London; New York: George G. Harrap & Co.; Thomas Y. Crowell Co., circa 1915.
Hardcover. These two volumes comprise Lilian Gask's early 1900s retelling of "earth's story-book," through the adventures of Phil, a young orphan boy, who over the course of these two books discovers a kinship and classroom in nature as he learns "the great fairy tales of science which Nature has written for us." In Nature's School begins with Phil escaping from the cruelties of his caretakers and classmates at his orphanage by running into the woods, where, while the boy cries for his mother, Mother Nature herself appears to console him and invite him to enroll in her school. For a year, all of creation will be Phil's classmates, and the boy is entrusted with special powers--the ability to breathe under water and change size. And so Phil learns about nature and her many children through his time in forest, arctic, desert, and jungle, living and learning alongside a variety of creatures, including a family of beavers, a tribe of seals, a caravan of camels, a royal court of gorillas, and many more, all illustrated in frontispiece and fifteen lovely monochrome plates by long-time illustrator of Lilian Gask, Dorothy Hardy. Phil's education continues in the sequel, In the 'Once Upon a Time,' wherein he encounters a beetle-hunting professor in the woods who not only befriends young Phil, but keeps him company on his lonely schoolbreaks by teaching him the story of the development of life on our planet, declaring, "The history of our Earth is a fairy tale in itself..." In addition to storytelling in the woods, the professor accompanies Phil to London to explore the city's esteemed museums, narrating further stories of dinosaurs and ammonites, primitive tools, and early religious beliefs. Despite lacking the fantastical elements of its predecessor, In the 'Once Upon a Time' is full of language and imagery that cast its anthropology, natural history, and paleontology lessons in an indisputable fairy light--for instance, the fossil record is "Nature's wonder-box," full of "hidden treasures"--that makes this informative and educational book an enchanting, even "ripping" adventure, as Phil would say, illustrated throughout in frontispiece and fourteen monochrome plates by Patten Wilson. This charming set is the work of Lilian Gask (1865-1942), writer of fairy tales, folklore, and books about animals and nature for children. Together these two "fairy tales of science" will have you agreeing with Phil and his professor, that indeed the history of Earth is "a fairy tale that has no ending, and that grows more entrancing as we read on..."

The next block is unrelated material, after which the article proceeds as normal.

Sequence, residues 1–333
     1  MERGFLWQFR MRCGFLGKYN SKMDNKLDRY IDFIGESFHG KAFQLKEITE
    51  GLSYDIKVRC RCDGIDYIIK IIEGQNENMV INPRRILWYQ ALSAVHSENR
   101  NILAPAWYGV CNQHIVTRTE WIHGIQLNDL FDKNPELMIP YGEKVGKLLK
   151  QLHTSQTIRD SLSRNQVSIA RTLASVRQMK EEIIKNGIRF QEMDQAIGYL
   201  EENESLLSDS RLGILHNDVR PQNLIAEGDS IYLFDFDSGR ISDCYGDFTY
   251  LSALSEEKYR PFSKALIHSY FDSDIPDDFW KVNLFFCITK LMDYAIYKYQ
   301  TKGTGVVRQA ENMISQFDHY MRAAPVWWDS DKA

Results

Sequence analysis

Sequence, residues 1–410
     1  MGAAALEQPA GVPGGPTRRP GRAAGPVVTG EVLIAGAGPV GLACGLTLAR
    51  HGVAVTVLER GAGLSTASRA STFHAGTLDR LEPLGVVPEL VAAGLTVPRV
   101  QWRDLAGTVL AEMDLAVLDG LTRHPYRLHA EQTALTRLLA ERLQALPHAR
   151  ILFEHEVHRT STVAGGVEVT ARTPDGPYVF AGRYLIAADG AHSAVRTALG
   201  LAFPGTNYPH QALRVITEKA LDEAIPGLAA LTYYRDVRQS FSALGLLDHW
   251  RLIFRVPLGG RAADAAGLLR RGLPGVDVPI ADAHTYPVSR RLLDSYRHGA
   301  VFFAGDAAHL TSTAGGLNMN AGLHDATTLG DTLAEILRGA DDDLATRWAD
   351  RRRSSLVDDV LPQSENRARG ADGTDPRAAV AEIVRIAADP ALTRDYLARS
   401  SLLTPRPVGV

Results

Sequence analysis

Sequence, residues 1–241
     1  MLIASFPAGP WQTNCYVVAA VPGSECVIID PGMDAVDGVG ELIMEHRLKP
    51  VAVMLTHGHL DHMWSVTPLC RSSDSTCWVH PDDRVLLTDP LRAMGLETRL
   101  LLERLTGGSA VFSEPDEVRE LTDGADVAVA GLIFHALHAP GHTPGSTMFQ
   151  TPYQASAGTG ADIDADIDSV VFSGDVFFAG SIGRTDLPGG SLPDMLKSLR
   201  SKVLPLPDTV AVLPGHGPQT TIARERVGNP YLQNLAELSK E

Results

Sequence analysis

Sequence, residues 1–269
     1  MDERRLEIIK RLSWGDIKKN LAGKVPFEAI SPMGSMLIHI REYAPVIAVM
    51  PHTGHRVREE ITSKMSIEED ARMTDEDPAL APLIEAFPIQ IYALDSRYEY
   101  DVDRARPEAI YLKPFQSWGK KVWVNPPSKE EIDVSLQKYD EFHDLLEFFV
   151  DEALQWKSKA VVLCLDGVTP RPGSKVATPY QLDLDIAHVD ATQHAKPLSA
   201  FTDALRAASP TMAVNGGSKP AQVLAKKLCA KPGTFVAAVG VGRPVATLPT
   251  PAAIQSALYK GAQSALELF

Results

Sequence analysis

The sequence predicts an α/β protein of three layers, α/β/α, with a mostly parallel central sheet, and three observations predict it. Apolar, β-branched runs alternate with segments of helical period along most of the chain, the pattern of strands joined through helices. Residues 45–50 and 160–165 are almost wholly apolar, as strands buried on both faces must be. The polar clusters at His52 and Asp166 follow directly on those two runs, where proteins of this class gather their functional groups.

8 1/8" X 6". vii, 9-320pp; 5-283pp. Both volumes bound uniformly in green cloth over boards, with monochrome pictorial plates to upper boards, decoratively framed and lettered in light green to upper boards, with spines lettered in gilt. Moderate wear to bindings, with corners bumped and turned in, light soiling and edgewear to pictorial labels, gilt lettering faded to In the 'Once Upon a Time," scattered rubbing, dust soiling, and small tears to head and tail of spines and corners. Front free endpaper missing from In Nature's School. Both bindings remain quite firm and sound. Bookplate to front pastedown and previous owner's name to front free endpaper of In the 'Once Upon a Time,' with stamp of "Stark County Home" to endpapers. Mild foxing to pages of both volumes. Small tear to upper margin of pages 314-318 of In Nature's School, and to plate facing page 112 in In the 'Once Upon a Time.' Pages are otherwise unmarked. In Nature's School is illustrated in pictorial label, frontispiece, and fifteen monochrome plates by Dorothy Hardy. In the 'Once Upon a Time' is illustrated in frontispiece and fourteen monochrome plates by Patten Wilson. Both volumes feature enchanting pictorial title pages. Good +. Item #5815